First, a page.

The aerodynamic properties of tennis balls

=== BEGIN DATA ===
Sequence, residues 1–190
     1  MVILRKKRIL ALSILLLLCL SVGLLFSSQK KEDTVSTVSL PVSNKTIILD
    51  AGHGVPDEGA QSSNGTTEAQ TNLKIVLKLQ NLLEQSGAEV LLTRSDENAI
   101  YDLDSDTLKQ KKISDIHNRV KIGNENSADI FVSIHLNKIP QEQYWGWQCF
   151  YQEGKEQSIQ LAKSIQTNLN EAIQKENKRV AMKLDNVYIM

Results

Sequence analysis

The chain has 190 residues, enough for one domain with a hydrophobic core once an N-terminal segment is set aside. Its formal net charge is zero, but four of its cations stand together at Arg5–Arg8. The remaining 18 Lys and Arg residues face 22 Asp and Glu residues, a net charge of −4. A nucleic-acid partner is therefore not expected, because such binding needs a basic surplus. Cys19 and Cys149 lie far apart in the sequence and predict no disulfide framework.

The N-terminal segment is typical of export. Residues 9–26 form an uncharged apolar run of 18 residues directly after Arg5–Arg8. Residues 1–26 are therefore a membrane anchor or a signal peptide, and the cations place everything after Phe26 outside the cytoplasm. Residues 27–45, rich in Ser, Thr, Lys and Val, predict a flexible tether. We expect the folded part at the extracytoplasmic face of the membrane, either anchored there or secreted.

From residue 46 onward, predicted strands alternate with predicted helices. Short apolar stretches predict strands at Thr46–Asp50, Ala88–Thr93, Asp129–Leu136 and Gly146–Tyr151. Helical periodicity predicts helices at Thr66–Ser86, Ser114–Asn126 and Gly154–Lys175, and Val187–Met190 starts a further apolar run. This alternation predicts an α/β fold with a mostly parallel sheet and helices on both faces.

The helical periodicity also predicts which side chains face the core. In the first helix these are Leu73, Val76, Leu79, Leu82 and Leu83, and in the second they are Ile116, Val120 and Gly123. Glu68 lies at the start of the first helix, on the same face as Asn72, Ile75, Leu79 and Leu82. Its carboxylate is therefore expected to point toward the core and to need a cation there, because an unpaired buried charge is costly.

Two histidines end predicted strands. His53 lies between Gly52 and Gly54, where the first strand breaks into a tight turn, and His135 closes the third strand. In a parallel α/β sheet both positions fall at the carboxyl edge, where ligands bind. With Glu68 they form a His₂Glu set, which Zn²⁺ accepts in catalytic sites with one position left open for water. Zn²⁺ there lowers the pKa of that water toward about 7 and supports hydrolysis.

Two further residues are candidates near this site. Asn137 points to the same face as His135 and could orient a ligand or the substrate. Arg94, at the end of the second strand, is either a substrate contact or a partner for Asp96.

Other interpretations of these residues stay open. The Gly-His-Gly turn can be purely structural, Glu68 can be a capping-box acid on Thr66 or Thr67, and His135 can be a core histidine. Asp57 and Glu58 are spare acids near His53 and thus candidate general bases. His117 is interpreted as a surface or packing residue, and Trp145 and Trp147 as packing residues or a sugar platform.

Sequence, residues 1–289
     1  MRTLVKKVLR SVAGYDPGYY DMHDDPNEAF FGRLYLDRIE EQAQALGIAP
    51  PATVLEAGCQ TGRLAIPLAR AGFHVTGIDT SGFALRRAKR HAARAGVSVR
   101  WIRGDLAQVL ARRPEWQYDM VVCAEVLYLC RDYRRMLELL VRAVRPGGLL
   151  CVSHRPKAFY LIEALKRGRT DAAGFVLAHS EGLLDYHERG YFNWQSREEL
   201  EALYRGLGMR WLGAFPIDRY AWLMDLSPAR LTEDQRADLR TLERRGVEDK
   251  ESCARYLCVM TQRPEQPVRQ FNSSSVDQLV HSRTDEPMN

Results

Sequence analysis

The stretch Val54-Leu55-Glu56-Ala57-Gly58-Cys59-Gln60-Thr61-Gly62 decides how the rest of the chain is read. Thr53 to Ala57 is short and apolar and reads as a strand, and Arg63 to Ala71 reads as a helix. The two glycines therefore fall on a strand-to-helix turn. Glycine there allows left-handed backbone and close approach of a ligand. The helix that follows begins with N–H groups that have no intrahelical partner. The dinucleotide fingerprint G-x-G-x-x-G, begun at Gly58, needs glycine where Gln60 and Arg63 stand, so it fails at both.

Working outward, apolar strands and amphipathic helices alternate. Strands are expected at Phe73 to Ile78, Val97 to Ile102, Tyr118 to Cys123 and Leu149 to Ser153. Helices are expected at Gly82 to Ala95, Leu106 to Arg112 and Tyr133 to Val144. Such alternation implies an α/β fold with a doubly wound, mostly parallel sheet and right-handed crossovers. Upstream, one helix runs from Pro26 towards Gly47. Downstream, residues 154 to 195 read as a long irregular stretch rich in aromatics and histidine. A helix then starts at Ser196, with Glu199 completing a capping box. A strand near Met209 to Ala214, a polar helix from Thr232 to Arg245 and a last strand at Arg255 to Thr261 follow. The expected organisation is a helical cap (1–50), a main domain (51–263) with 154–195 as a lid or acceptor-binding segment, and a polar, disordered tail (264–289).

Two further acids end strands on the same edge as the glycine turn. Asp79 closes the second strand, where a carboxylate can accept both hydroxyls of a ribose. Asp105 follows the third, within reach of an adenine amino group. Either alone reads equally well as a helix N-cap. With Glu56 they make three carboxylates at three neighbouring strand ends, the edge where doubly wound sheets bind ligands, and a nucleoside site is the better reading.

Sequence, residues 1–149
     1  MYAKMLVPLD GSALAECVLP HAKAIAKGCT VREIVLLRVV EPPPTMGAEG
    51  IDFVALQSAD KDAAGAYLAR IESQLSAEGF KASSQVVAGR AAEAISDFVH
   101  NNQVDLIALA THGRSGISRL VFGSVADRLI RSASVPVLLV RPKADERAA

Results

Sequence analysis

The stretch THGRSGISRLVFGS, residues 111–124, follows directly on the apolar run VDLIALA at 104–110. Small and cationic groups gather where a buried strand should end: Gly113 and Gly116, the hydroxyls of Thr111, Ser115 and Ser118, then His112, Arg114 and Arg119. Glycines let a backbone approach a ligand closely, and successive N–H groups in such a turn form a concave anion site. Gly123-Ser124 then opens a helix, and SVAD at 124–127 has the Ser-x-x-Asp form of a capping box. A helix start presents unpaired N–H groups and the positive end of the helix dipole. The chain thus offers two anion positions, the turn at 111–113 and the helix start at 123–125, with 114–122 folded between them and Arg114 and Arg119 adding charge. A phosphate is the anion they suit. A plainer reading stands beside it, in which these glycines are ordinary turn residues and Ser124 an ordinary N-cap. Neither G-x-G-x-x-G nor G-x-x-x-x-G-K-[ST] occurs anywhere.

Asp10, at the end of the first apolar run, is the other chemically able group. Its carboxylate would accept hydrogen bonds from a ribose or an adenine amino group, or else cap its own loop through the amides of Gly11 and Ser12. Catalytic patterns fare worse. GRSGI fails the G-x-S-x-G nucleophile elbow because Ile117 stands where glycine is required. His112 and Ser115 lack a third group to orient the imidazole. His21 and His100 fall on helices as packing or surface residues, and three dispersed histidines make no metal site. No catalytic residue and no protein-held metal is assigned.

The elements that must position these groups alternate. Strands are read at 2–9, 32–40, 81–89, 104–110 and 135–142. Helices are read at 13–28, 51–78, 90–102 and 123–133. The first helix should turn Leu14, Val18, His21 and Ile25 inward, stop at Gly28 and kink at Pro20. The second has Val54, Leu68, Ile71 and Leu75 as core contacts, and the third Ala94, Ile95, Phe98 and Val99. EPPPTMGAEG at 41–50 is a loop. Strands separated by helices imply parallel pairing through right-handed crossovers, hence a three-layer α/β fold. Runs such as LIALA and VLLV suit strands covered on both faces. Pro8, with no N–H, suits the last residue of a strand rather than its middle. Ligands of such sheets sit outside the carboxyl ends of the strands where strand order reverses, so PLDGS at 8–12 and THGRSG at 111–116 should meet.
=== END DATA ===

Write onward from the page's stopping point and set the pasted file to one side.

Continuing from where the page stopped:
Several experimental procedures were developed to enhance the understanding of the aerodynamic properties of tennis balls. Four test methods were tried as quantitative assessments of the aerodynamic forces that act on tennis balls, whilst an additional two methods were introduced for qualitative purposes. A computational trajectory model was developed to predict the effect of any modifications to tennis balls proposed in the study. The test methods adopted utilised two different wind tunnels, projection devices, dropper devices, aerodynamic load cells and motion analysis techniques using high-speed digital cameras. Several different tennis balls were tested: some had the nap modified to investigate changes in aerodynamic forces that may occur during play, others were oversized to investigate the options available for slowing the game down. CD and CL profiles were obtained for a normal sized ball with unmodified nap and then used to develop a set of equations that enable the CD and CL of a tennis ball to be calculated at any speed and spin rate. When used in a trajectory model, a 6.5% larger ball was shown to decelerate 5% faster than a normal sized ball when projected with the same initial elevation angle, speed and spin rate. This results in the larger ball landing 1.5 metres shorter and taking more than 19ms longer to arrive at the receiver. Initial testing showed that the CD of all tennis balls with unmodified naps was similar and remained constant at around 0.53 up to a wind speed of around 63ms'. The nap of the tennis ball was modified to represent early wear characteristics (fluffed) and extensive wear characteristics (shaved). It was found that the CD of a ball with a fluffed nap is higher than that of a ball with an unmodified nap, which in turn is greater than the CD of a ball with a shaved nap. The CD of a ball almost twice the size of a normal tennis ball was found to be independent of Reynolds number up to 5x105, which is clear evidence that the boundary layer around a tennis ball turns turbulent at a low Reynolds number. The ball with the shaved nap was shown to be similar to a classic rough ball however, with boundary layer transition occurring at a low Reynolds number. The flow around a tennis ball was assessedu sing pressurep rofiles and smokep articles, and the separation of flow for all balls was shown to be near the poles. Pressure profile testing provided clear separation details, and showed how the pressure around the ball differs for subcritical and postcritical Reynolds number regimes. Flow through and over the fibres causes the elevated CD over and above that associated with separation at the apex of a sphere.